Sunday, December 12, 2010

House Divided; Interaction with Pages 102-109

As part of my promise to answer some initial questions posed by hyperpreterist, Mike Sullivan I am going to interact with pages 102-109 of House Divided (by Dave Green, Ed Hassertt, Mike Sullivan and Sam Frost).

I will now proceed with HD pages 102-109. Sullivan, first correctly notes that many commentaries parallel Acts 1:11 with a "like-manner" return of Christ at some future date. A citation of some of those commentaries on Acts 1:11 is as follows:

"When we stand gazing and trifling, the thoughts of our Master's second coming should quicken and awaken us: when we stand gazing and trembling, they should comfort and encourage us. May our expectation of it be stedfast and joyful, giving diligence to be found of him blameless." -- Matthew Henry

"reproving them for their curiosity in looking after Christ with their bodily eyes, who was no more in common to be seen this way, but with an eye of faith; and for their desire after his corporeal presence, which they were not to look for; and as if they expected he would return again immediately, whereas his return will not be till the end of the world:" -- John Gill

"as if your now glorified Head were gone from you never to return: He is coming again; not another, but 'this same Jesus'; and 'as ye have seen Him go, in the like manner shall He come'--as personally, as visibly, as gloriously;" -- JFB

"they hoped that he would return again straightway, that they might enjoy the sight of him again, when as lie did ascend to stay in the heavens until such time as he should come to judge the world. Wherefore, let us first learn out of this place that we must not seek Christ either in heaven, either upon earth, otherwise than by faith; and also, that we must not desire to have him present with us bodily in the world;...Jesus, which is taken up into heaven There are two members in this one sentence. The first is, that Christ was taken up into heaven, that they may not henceforth foolishly desire to have him any longer conversant with them upon earth. The other is straightway added as a consolation concerning his second coming." -- John Calvin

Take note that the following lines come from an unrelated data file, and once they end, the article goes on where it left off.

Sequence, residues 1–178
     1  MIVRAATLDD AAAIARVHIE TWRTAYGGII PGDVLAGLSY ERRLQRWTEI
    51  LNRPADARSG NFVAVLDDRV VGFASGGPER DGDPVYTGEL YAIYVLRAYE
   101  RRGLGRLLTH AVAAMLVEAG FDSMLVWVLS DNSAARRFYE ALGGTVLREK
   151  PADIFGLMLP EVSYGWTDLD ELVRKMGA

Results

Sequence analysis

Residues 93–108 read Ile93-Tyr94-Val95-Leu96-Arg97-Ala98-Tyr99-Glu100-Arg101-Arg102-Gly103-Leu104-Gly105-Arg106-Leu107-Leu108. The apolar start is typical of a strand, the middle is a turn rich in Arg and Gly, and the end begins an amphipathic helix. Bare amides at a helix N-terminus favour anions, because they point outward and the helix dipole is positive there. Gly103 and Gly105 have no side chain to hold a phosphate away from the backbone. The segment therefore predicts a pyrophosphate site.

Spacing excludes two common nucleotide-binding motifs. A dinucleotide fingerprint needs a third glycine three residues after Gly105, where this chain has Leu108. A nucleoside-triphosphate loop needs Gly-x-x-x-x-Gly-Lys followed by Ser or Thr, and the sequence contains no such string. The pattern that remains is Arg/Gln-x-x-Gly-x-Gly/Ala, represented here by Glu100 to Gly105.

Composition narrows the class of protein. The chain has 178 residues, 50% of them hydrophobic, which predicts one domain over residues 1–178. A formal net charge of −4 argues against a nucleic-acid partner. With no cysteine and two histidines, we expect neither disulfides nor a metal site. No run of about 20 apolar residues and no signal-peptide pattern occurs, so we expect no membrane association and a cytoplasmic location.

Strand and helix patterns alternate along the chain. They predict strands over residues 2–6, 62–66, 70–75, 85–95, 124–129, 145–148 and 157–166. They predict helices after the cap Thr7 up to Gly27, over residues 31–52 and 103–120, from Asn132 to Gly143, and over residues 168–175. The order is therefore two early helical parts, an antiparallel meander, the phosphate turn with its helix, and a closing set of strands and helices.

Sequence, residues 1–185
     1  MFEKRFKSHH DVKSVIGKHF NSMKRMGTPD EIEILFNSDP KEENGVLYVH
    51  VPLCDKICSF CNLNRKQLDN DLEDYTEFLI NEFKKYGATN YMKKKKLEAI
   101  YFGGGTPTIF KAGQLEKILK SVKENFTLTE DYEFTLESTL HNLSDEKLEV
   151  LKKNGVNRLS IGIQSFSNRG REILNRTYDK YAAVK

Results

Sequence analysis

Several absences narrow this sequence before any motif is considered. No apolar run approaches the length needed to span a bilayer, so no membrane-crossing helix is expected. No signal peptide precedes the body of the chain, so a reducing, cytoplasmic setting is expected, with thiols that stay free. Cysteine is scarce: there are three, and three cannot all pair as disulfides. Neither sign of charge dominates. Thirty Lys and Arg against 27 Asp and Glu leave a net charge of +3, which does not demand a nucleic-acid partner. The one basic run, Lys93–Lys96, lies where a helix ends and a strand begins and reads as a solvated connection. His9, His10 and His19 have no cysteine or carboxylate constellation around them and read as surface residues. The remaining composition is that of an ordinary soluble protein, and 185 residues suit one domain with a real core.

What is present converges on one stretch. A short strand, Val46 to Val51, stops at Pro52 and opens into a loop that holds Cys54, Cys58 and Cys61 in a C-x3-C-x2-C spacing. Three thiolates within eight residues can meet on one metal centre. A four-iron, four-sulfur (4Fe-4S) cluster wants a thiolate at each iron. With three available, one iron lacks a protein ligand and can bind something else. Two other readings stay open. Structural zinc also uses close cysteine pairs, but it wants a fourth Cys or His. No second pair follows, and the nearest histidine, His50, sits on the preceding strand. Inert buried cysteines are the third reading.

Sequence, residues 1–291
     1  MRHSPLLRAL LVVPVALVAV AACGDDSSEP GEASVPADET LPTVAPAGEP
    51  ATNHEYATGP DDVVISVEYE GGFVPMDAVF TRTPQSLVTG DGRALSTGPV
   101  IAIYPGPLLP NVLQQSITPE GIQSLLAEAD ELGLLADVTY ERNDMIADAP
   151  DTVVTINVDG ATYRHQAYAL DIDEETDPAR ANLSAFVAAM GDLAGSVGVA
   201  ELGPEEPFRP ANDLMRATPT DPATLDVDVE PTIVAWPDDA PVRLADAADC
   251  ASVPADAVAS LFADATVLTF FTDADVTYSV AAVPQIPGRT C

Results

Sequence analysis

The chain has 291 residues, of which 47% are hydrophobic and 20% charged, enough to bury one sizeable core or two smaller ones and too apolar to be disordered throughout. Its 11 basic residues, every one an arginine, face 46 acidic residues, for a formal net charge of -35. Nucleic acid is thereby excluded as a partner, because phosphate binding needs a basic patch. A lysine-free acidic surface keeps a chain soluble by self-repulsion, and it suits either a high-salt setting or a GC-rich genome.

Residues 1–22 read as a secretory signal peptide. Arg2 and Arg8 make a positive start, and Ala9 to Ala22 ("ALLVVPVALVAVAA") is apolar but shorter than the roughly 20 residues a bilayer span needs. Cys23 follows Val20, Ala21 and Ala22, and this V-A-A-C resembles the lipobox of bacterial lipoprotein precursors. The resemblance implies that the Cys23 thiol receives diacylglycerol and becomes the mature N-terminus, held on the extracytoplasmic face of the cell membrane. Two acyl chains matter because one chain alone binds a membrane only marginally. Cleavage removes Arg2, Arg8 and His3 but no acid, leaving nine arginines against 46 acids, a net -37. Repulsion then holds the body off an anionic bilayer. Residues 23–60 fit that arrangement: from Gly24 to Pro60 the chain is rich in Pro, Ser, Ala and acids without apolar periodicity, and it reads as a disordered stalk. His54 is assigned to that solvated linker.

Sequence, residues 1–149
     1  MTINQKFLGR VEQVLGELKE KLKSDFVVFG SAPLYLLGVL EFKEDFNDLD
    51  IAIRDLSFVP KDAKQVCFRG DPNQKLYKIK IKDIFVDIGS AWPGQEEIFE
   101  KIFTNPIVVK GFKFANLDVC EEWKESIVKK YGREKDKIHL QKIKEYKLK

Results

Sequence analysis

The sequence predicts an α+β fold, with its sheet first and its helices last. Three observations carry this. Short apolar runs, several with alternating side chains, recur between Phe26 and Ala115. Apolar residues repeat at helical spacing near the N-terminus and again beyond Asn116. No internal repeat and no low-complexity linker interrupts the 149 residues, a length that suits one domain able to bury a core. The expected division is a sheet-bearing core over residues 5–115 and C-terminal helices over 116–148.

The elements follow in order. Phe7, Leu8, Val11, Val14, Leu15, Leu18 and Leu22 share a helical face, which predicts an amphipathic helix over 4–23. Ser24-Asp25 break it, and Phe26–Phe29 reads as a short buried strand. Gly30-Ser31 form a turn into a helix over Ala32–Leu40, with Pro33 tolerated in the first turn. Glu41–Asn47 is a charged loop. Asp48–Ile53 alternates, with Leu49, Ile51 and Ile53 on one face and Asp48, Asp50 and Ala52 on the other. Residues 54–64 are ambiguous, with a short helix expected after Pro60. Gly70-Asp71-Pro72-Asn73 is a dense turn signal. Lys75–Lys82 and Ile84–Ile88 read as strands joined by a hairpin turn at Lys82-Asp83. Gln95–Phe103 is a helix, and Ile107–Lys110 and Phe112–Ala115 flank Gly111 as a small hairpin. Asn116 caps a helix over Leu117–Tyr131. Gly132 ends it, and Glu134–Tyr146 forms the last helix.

So, as we can see by this cross section of commentators, it is accurate for Sullivan to say many commentaries associated Acts 1:11 with the "Second Coming" of Christ.

Sullivan goes on to note,
"[Keith] Mathison and [Kenneth] Gentry, however wrench Acts 1:11 from those Scriptures [the ones that seem to speak of the Second Coming]. They admit that Christ was figuratively "seen" (perceived, understood) at a figurative "coming" in/on the clouds in AD70, but they deny that this was the fulfillment of Acts 1:11" (HD, page 102)
As I'm not here to speak for or defend either Mathison or Gentry, I will address this generally. Yes, many so-called "Partial-Preterists" do IN FACT say Jesus came in AD70, but they claim He came "only in judgment". Now, I think Mathison and Gentry may differ somewhat as I know at least in private interaction with Mathison, he has related less about Jesus coming in judgment and more about Jesus coming, not to earth but BEFORE the Ancient of Days, as per Dan 7:13, again not in judgment but in glory, power and vindication. I believe Mathison differs on his interpretation from Gentry where Gentry actually claims Jesus came in judgment; Mathison claims Jesus came not back to earth, but before God. I tend to agree with Mathison on this.

"Full Preterists" have pointed out that the Partial-Preterist contention that "Jesus came in judgment" would cause Jesus to actually come a 3rd time if such Partial-Preterists contend Jesus is yet to come in the future. FPs have also pointed out that that view is as "non-creedal" as is FP.

Sullivan says Mathison identifies "the coming of the Son of Man" with the Ascension. However, Mathison actually uses the phrase "may have been referring". Mathison clearly wasn't being dogmatic. Sullivan however pushes the point, as if Mathison is dogmatic.

Sullivan says,
"Yet there is not one instance where Jesus spoke of the coming of the Son of Man where it can be taken to be a reference to His Ascension. In every case, it is His coming to earth in judgment and salvation." (HD, page 103)
Well, I'm not so certain this is accurate since we have Dan 7:13 which clearly says:
"I was watching in the night visions, And behold, One like the Son of Man, Coming with the clouds of heaven! He came to the Ancient of Days, And they brought Him near before Him." -- Dan 7:13